Guyana oil producers ramp up exports to thirsty European refiners

 (Reuters) – Oil producers in Guyana are boosting exports to European buyers seeking alternatives to Russian crude, according to vessel monitoring data.

Government bans on Russian oil since the invasion of Ukraine have spurred demand for alternative crudes, and Guyanese oil fits refiners from Britain to Italy better than rival Latin American grades do.

So far this year, 49% of Guyana’s total oil exports have headed for Europe, up from 16% in 2021. Cargoes to Europe averaged 110,000 bpd from January through early September, according to Refinitiv Eikon tanker tracking data, more than the entire daily volume shipped to all destinations in 2021.

The shipments grew as Guyana’s second floating production storage and offloading (FPSO) facility began pumping this year. In recent days, the South American country’s output hit 350,000 barrels per day (bpd), almost triple its level early this year.

The oil, produced by an Exxon Mobil (XOM.N), Hess Corp (HES.N) and CNOOC (0883.HK) consortium, is entirely exported. Guyana sells its share through open-market tenders and via a trading unit of Saudi Aramco.

None of the parties have struck long-term supply deals with specific customers for the oil.

Crude exports from Latin America's newest producer continue rising, fueled by the arrival of floating producing and offloading facilities, after the discovery of 11 billion barrels of recoverable resources.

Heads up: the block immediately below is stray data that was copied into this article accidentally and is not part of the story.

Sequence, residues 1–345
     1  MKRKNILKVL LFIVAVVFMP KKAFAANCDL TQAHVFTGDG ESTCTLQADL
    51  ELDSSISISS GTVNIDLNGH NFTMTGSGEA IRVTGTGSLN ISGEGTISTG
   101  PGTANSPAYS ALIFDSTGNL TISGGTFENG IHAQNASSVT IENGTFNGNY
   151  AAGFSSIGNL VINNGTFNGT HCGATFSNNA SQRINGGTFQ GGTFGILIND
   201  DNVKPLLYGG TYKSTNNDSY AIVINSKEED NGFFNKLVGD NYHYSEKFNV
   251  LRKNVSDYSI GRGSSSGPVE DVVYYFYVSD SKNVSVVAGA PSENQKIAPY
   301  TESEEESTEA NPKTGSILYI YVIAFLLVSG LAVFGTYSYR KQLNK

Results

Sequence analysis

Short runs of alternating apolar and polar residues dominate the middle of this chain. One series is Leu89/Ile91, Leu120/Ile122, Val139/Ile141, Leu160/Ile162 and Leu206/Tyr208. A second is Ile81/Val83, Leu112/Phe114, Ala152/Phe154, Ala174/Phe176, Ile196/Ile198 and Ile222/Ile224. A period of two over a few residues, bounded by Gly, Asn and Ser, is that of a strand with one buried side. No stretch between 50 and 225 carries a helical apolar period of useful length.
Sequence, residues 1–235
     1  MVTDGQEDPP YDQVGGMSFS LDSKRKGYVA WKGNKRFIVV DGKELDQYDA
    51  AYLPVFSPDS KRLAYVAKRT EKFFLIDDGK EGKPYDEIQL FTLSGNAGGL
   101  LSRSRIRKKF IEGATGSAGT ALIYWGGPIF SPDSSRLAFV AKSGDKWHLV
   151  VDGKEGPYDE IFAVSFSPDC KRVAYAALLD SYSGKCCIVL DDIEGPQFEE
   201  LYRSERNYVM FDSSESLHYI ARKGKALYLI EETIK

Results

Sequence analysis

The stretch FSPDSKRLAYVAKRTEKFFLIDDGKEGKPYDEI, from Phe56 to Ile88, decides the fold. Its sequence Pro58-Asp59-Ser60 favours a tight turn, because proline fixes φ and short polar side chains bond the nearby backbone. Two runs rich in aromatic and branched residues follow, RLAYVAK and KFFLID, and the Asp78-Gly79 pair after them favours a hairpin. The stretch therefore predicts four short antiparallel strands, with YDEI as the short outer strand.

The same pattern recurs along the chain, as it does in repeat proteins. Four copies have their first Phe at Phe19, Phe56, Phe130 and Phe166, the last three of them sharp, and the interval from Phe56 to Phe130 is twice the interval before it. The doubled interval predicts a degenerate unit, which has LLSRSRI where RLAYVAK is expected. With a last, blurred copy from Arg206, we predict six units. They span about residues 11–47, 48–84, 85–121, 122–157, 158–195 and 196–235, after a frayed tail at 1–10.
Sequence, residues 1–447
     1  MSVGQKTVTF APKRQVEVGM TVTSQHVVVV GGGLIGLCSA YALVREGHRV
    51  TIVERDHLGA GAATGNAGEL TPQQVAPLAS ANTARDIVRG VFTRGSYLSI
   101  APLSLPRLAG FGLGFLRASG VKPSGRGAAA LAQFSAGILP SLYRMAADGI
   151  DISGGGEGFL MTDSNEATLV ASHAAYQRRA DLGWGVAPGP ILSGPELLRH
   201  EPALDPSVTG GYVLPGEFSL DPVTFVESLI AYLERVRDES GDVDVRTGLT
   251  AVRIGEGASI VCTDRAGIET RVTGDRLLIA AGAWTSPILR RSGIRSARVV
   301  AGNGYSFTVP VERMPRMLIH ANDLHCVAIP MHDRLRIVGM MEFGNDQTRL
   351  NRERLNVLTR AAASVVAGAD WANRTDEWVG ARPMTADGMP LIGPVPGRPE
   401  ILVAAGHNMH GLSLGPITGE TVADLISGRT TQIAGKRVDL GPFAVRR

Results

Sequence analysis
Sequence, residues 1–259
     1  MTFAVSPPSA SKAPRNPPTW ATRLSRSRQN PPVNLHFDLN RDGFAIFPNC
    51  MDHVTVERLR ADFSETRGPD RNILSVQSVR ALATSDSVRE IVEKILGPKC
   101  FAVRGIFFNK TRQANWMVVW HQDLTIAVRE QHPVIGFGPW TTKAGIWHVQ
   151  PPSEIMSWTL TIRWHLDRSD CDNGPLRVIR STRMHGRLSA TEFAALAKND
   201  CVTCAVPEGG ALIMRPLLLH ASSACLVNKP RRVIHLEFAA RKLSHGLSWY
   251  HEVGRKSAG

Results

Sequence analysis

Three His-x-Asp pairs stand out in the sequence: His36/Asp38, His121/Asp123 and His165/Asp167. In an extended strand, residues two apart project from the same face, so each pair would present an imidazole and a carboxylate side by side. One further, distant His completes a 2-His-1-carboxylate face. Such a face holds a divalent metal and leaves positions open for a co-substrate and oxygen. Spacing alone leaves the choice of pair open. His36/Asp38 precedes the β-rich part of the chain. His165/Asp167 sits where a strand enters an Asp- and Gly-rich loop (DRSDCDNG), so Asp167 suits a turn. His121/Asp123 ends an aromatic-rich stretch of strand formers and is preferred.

Crude exports from Latin America’s newest producer continue rising, fueled by the arrival of floating producing and offloading facilities, after the discovery of 11 billion barrels of recoverable resources.

“They have all been spot cargoes. This is one of the few areas of the world that is expanding,” said an executive from an European company buying Guyanese crude since early 2022 both for trading and refining.

Spain’s Repsol (REP.MC), Italy’s Eni (ENI.MI) and Britain’s BP (BP.L) have taken cargoes, the data showed. Repsol and Eni imported Venezuelan crude in the second quarter, but shipments have remain suspended since July.

Exxon, Hess and Repsol declined to comment on commercial agreements. Guyana’s energy ministry, Eni and BP did not immediately reply to requests for comment.

On Thursday, Hess CEO John Hess told investors that Guyana wants “to move forward as expeditiously as possible.” A development plan for the consortium’s fifth project, Uaru, will be submitted for government approval later this year, he said.

In 2021, Guyana exported 101,000 bpd of crude, most of which went to Asia. Shipments to Europe represented 16% of the total, according to Refinitiv.

Guyana is now producing two crudes: a medium to light sweet oil called Liza, and an even lighter grade called Unity Gold.

By 2027, the Exxon-led consortium, which only in 2019 inaugurated output, expects to pump 1.2 million bpd. Guyana is expected soon to schedule an auction of oil and gas blocks to attract new companies to its offshore fields.

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